Murdoch University Research Repository

Welcome to the Murdoch University Research Repository

The Murdoch University Research Repository is an open access digital collection of research
created by Murdoch University staff, researchers and postgraduate students.

Learn more

Occurrence of gastrointestinal parasites in horses in metropolitan Perth, Western Australia

Boxell, A.C., Gibson, K.T., Hobbs, R.P. and Thompson, R.C.A. (2004) Occurrence of gastrointestinal parasites in horses in metropolitan Perth, Western Australia. Australian Veterinary Journal, 82 (1-2). pp. 91-95.

Link to Published Version:
*Subscription may be required


Objective: To assess the occurrence of gastrointestinal parasites in horses in Perth. To apply polymerase chain reaction (PCR) for the identification of some species of encysted larval cyathostomes. Design: Between February and September of 2000, the gastrointestinal tracts of 29 horses submitted to a local knackery and Murdoch University Veterinary hospital in Perth were examined post mortem for the presence of gastrointestinal parasites. Procedure: The gastrointestinal tract was divided into six sections, which were screened for the presence of parasites such as Gasterophilus sp, Anoplocephala sp and Parascaris equorum. Samples of contents were taken for worm counts. Results: Cyathostomes were found in 28 of the 29 horses. Eighteen species of gastrointestinal helminths were identified. Twelve of these were cyathostomes, with the four most common species being Cyathostomum catinatum, Cylicocyclus nassatus, Cylicostephanus longibursatus and Cylicostephanus goldi. The large strongyle, Triodontophorus serratus, was found in three of the horses but species of Strongylus were not found. Conclusions: In contrast to a study conducted on horses from this region in 1985, cyathostomes were the most common gastrointestinal parasites found. The four most common cyathostome species found in the present study correlated well with findings of studies in other locations. The high number of cyathostomes may be due to the increase in resistance to anthelmintics among the species, and to improper anthelmintic use. The apparent reduction in number of large strongyles may be due to the widespread use of ivermectin, which is very effective against these parasites, and also possibly because some larvae may not have been detected.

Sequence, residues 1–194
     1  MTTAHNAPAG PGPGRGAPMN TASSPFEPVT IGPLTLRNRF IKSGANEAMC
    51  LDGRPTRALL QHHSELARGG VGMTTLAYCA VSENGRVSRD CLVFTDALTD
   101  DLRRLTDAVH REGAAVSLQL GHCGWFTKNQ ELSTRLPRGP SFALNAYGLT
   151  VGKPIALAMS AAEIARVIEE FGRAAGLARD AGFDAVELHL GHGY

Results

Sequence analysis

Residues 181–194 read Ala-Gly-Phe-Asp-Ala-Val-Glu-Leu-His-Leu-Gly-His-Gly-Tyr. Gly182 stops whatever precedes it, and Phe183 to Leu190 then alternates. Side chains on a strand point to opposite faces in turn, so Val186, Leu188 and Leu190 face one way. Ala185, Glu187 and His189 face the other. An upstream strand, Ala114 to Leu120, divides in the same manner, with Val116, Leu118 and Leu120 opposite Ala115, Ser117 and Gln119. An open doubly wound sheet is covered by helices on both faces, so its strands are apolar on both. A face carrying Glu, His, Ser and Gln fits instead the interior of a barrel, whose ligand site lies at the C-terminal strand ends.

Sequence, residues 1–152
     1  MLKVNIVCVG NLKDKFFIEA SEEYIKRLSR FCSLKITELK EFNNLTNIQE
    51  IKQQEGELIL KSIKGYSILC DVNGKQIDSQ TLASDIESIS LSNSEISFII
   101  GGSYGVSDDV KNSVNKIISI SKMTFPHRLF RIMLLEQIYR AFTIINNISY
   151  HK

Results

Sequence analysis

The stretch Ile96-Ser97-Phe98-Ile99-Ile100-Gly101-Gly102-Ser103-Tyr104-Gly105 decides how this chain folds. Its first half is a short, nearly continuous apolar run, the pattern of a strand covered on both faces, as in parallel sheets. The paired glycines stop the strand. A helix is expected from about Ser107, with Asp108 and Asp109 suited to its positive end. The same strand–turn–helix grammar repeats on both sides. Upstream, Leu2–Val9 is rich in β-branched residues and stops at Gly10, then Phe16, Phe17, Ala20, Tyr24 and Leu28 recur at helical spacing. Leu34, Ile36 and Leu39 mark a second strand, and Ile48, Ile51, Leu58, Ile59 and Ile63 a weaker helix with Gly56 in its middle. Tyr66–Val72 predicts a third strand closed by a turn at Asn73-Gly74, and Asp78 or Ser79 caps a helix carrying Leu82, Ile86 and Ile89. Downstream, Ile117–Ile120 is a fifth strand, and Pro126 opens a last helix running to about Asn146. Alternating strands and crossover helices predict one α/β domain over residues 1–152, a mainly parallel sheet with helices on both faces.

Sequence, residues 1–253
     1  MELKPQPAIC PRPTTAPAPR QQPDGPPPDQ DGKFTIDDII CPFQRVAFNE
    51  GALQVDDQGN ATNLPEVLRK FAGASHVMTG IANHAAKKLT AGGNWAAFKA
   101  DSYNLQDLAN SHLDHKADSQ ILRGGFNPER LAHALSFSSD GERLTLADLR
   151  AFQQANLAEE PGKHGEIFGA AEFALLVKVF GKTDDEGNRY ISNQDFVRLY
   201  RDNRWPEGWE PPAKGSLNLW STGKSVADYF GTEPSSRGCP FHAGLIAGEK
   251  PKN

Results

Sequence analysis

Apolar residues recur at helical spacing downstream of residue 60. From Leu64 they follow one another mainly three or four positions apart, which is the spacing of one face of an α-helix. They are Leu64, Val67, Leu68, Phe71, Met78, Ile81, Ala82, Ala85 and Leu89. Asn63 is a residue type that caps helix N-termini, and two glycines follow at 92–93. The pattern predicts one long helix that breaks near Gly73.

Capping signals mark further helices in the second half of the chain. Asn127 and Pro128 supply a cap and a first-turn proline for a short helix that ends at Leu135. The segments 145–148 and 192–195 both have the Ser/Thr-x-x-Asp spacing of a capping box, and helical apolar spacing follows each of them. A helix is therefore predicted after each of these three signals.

Item Type: Journal Article
Murdoch Affiliation(s): School of Veterinary and Biomedical Sciences
Publisher: Wiley-Blackwell
Item Control Page Item Control Page